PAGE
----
East and Central African Journal of Surgery

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Experience with day-care surgery in a Private Surgical Clinic in Nakuru, Kenya

N Masiira-Mukasa


A retrospective study of 251 operations carried out in a private surgical  consultation clinic in Nakuru, Kenya was undertaken. A review was carried out of the clinical notes of patients who had surgery at this clinic between Jan. 1993 and June 1998 and who were regularly followed up to their formal discharge from the clinic. The records were analyzed for age, sex, type of operation, the anaesthetic used, the post-operative analgesics prescribed and post-operative complications. There were 75 (30%) excisions or biopsies of masses or malignancies, 50 (20%) surgical toilets and suture of wounds, 39 (15.5%) incisions and drainage of abscesses, 24 (9.5%) reductions of fractures, 15 (6%) anal operations and 14 (5.5%) inguinal hernia repairs. Postoperative wound sepsis developed in 82 (32.65) of the patients. The study confirmed that In a suitably located, well-organized and adequately  equipped surgical consultation clinic, a wide range of carefully selected surgical operations can be safely carried out mainly under local ?iEETthesia but occasionally with added sedation. Adequate anaesthesia can be achieved in over 70% of the operations and post-operative pain can be effectively controlled using NSAIDs with or without narcotic analgesics. Systemic toxicity though uncommon, is the most serious anaethetic complication. The main post-operative complication is wound sepsis.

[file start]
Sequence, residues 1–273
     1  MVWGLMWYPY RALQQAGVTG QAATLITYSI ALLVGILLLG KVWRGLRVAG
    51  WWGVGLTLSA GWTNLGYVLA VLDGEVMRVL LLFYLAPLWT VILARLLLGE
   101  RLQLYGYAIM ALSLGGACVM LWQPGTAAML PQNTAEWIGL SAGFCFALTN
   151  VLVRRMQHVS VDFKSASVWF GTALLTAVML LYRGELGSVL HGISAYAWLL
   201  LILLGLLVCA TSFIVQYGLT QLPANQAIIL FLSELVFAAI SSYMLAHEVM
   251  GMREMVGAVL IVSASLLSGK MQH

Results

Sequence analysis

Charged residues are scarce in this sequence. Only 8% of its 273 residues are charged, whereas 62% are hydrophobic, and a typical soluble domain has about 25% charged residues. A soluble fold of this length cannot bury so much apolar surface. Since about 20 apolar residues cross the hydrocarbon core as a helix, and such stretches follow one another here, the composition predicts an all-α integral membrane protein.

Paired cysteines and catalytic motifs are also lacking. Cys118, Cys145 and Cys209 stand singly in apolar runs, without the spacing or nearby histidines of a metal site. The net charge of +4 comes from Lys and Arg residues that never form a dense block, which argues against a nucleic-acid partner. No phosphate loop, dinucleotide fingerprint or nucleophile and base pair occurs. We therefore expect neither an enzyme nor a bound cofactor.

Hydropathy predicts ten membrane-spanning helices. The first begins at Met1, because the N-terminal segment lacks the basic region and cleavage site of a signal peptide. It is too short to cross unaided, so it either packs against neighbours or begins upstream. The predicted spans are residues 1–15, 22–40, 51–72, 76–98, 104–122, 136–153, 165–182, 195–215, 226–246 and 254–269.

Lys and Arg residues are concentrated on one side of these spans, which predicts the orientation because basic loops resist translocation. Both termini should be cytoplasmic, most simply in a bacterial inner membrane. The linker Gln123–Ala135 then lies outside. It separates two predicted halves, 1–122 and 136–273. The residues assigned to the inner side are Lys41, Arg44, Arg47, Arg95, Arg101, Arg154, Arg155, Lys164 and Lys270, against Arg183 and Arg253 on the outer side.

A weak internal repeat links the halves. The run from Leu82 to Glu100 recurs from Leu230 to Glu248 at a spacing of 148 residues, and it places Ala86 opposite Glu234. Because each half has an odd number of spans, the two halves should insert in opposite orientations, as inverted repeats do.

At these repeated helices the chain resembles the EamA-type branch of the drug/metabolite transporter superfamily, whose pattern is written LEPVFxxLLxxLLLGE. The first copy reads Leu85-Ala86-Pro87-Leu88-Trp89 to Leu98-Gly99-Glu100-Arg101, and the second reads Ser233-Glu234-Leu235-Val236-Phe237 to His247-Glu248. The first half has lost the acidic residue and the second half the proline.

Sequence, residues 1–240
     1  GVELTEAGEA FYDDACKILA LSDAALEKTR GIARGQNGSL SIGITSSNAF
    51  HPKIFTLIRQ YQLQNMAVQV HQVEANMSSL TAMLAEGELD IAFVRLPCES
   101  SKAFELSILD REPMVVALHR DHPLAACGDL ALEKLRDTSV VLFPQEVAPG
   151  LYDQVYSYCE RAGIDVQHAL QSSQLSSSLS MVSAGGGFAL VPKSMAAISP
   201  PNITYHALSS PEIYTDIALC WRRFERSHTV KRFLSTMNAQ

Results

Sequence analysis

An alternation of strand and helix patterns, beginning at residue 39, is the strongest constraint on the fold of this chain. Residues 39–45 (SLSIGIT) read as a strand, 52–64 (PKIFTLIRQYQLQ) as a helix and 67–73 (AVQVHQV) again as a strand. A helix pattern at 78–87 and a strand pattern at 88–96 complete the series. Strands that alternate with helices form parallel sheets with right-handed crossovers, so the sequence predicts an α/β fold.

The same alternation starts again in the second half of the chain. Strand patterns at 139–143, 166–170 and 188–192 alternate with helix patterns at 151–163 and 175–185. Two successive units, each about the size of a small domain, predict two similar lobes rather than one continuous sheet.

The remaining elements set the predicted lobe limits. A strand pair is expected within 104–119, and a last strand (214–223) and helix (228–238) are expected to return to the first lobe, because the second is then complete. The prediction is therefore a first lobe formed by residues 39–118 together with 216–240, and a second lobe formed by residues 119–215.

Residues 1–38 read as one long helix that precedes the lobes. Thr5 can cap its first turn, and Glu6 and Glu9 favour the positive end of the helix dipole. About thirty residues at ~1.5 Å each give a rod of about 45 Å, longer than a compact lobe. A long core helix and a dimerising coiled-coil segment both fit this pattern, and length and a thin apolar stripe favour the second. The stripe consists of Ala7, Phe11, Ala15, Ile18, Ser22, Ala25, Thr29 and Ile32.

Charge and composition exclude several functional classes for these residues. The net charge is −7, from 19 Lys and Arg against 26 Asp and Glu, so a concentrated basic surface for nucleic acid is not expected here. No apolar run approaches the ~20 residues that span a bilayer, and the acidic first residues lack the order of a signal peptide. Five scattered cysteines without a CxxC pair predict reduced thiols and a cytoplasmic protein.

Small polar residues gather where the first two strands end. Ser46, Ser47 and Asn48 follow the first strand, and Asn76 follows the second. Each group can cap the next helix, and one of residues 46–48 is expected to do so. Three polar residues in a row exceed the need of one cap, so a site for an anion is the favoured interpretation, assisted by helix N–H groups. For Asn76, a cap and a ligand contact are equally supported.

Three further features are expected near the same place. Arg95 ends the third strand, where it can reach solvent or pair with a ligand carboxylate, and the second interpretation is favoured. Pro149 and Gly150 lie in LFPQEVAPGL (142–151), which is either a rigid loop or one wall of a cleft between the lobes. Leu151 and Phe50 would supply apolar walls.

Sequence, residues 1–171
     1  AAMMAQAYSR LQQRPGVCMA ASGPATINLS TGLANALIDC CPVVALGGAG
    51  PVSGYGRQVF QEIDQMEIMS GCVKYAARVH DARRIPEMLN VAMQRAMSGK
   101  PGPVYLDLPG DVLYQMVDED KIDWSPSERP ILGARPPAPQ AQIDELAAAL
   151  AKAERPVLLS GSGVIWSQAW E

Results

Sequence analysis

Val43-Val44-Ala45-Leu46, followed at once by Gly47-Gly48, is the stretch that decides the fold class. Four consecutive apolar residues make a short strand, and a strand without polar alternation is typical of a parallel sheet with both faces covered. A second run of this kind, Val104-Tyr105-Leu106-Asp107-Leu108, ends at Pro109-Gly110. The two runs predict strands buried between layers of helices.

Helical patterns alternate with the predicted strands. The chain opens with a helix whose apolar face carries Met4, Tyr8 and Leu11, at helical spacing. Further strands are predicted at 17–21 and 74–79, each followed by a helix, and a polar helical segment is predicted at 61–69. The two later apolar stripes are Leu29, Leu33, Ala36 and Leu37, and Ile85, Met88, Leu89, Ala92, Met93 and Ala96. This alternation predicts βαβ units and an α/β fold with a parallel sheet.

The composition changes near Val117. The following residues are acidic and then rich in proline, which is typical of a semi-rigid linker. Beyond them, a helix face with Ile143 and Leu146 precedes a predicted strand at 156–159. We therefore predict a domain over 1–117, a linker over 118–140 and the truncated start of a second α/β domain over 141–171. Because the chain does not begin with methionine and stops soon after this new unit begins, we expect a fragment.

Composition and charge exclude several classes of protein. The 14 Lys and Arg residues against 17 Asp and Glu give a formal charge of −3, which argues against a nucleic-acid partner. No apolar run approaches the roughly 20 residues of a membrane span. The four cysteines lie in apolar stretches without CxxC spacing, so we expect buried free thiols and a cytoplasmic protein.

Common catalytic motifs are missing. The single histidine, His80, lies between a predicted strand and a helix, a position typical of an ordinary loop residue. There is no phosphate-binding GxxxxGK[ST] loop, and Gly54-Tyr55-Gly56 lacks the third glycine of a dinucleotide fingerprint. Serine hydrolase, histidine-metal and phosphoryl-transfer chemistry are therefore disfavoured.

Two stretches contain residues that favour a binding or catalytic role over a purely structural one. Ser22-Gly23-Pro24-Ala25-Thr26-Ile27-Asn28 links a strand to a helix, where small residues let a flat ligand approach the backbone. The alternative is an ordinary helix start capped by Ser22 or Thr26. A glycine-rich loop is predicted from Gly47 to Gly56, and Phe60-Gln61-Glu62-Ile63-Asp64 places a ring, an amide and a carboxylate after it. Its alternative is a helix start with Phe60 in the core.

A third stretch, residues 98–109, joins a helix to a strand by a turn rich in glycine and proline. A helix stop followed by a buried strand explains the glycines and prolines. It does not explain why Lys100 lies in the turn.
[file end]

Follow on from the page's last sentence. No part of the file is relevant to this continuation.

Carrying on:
Key words: Day-care surgery, private consultation, surgical, clinic.

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